Making the Most of Your Retirement Milestones
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January 19th, 2023
As you prepare for retirement, it’s important to know the main milestones you’ll be hitting as you grow older. Here are some of the biggest age-related events to look forward to as you get closer to your retirement.
Age 50: Maximize Employee Contributions to Qualified Plans and Defer Taxes.
If you're currently working, you may be eligible to make higher contributions to qualified plans, such as 401(k) plans, 403(b) plans and a Thrift Savings Plan, of up to $22,500 in 2023. If you’re 50 or older, you can make catch-up contribution of up to $7,500 in 2023.
For IRAs, you may contribute up to $6,500 in 2023, annually. If you’re 50 or older, you can make an additional catch-up contribution of $1,000 for a total contribution of $7,500 in 2023.
For more information on these limits and changes in 2023, please visit the IRS website.
Age 55: Potentially Take Early Withdrawals Without Penalty.
You may be able to make early withdrawals from your company-sponsored retirement plan without having to pay the 10-percent early withdrawal penalty.
Age 59 1/2: No Early Withdrawal Penalty
Distributions from a qualified employer plan 401(k), 403(b), traditional or rollover IRA, or annuities will no longer be subject to an early withdrawal penalty.
Age 62: Eligibility for Social Security Begins
Payments can begin but may be permanently reduced by as much as 30 percent if you sign up at this age. If you continue to work, part or all of your payments could be temporarily withheld.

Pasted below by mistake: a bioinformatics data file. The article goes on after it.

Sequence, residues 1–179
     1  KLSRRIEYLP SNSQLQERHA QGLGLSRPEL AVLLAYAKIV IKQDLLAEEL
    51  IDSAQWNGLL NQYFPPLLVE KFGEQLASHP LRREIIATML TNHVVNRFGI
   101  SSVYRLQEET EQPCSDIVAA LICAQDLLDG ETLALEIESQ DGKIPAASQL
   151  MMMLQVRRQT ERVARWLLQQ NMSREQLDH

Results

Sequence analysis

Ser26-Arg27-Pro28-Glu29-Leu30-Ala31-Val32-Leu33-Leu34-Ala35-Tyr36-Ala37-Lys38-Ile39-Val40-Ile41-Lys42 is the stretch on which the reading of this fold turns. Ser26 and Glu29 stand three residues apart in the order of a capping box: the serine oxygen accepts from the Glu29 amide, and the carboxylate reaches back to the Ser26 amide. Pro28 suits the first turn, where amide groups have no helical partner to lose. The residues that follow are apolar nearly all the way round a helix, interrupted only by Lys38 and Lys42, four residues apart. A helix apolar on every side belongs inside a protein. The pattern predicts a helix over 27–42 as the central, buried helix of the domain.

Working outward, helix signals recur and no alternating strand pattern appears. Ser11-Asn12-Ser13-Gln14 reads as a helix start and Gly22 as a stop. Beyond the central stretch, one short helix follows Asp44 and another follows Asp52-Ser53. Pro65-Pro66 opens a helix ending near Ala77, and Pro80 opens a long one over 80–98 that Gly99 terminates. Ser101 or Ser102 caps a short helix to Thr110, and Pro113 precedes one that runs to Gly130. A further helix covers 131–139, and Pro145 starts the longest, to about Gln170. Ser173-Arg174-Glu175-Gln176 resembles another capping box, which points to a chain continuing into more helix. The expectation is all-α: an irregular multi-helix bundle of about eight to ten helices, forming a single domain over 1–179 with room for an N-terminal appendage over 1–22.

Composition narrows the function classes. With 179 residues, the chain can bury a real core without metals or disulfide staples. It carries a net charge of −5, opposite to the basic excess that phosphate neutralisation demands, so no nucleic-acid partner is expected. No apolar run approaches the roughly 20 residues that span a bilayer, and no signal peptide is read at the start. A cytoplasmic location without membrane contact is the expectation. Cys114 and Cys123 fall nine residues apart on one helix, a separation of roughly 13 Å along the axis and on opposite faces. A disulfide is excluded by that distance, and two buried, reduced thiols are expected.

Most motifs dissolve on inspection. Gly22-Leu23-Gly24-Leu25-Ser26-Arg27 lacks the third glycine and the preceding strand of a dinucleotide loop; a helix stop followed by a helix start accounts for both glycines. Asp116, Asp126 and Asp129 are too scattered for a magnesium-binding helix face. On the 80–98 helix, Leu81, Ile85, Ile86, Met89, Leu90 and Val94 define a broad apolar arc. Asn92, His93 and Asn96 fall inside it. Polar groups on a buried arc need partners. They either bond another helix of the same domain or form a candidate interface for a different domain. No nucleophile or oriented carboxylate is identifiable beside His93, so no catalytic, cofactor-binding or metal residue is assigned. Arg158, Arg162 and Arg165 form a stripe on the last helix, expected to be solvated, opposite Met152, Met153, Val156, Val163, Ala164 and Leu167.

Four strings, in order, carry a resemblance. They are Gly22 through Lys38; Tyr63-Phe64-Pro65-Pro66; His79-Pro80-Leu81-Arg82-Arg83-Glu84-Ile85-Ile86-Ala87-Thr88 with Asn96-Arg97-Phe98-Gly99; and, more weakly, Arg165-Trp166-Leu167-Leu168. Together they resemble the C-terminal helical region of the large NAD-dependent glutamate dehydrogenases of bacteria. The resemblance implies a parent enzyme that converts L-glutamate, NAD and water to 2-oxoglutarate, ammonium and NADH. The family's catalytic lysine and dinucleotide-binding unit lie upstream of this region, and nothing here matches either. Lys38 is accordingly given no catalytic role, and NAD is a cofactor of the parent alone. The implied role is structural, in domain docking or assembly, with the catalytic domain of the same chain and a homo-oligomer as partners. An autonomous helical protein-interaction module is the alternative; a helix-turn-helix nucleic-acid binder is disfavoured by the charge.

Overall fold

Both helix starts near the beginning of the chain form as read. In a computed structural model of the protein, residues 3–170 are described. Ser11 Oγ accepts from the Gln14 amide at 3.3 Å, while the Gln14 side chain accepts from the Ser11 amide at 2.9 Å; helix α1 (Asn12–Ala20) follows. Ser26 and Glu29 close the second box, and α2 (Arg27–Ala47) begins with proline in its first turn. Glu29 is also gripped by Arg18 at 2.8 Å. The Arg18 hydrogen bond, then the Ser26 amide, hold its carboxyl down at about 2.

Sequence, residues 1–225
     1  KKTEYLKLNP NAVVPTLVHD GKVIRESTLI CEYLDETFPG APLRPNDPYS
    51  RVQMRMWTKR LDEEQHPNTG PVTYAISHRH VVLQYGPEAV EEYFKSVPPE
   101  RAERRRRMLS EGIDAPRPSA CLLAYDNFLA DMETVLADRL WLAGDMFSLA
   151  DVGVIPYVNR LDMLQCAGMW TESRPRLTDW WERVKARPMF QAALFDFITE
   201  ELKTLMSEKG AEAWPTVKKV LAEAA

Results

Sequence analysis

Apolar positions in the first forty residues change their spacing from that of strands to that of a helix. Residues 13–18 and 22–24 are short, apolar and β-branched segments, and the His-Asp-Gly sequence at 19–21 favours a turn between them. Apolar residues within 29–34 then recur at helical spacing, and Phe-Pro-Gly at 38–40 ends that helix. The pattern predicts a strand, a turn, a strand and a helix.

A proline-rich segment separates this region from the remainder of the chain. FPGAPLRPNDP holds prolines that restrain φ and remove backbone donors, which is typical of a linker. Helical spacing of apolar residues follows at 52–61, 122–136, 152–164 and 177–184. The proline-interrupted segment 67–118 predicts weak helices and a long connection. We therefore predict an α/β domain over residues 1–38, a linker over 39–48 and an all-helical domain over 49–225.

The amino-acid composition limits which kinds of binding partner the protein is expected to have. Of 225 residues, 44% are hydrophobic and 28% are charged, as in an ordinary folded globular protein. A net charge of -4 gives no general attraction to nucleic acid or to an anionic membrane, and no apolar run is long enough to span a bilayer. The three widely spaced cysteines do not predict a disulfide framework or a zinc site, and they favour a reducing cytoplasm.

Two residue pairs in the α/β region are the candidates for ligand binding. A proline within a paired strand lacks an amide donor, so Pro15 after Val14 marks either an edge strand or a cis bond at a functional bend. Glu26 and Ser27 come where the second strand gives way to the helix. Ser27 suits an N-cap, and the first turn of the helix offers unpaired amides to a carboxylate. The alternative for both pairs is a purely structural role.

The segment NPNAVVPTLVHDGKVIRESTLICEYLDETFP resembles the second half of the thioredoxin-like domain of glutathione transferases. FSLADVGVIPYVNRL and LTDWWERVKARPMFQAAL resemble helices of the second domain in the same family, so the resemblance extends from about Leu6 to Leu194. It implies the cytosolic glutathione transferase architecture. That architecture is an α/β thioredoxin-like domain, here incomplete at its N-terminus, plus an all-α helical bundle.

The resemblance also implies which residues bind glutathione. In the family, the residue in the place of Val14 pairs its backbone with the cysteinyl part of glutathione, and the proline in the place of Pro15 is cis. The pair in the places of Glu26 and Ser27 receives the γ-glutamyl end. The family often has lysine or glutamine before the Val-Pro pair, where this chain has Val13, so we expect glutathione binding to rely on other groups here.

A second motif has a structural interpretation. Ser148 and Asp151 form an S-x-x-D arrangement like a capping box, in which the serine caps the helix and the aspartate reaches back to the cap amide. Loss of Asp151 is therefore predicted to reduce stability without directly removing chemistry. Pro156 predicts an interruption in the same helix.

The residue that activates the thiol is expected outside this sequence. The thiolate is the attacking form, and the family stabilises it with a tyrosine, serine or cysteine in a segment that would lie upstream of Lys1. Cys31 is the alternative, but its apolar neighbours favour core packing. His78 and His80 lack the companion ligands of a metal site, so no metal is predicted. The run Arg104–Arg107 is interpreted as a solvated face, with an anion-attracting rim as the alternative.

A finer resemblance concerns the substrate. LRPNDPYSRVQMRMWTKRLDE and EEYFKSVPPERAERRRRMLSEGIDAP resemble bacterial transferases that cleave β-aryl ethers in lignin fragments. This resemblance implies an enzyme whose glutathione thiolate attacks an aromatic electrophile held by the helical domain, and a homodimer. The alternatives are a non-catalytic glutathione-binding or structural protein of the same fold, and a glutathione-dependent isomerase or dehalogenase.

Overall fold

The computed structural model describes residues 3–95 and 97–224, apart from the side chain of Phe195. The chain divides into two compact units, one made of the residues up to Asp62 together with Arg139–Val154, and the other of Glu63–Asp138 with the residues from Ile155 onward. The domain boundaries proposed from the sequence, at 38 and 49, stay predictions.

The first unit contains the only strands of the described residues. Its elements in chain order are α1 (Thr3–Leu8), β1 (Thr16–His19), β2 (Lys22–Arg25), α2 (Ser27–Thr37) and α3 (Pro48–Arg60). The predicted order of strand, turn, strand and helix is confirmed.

Age 65: Medicare Eligibility
You can sign up beginning three months before your 65th birthday, and coverage can start as early as the month you turn 65. If you don't sign up on time (or within eight months of leaving a job with group health coverage), you could affect premium payments and supplemental coverage.
Age 67: Social Security Full Retirement Age (if born 1960 or later)
At this age, you’ll be eligible to collect unreduced Social Security payments and avoid the earnings limit if you want to work and collect social security benefits at the same time.
Age 70: Social Security Must Begin
Payments must start no later than age 70. If you delay it until this age, benefits will have increased by about 8 percent per year, but there is no additional benefit to waiting longer to claim Social Security.
Age 72: Required Minimum Distributions Begin (if born July 1, 1949 or later)
Distributions from retirement plans including traditional IRAs and 401(k)s are required beginning at age 72. Employed individuals can delay distributions from their current 401(k) until April 1 of the year after they retire (unless they own 5 percent or more of the company sponsoring the plan).
Bank of Hawaii can help you incorporate these key retirement milestones and translate them into an overall retirement plan and distribution timeline. Contact us to learn more about how to best prepare for your future.
Bank of Hawaii does not provide tax, legal or accounting advice. This material has been prepared for informational purposes only, and is not intended to provide, and should not be relied on for, tax, legal or accounting advice. You should consult your own tax, legal and accounting advisors before engaging in any transaction.
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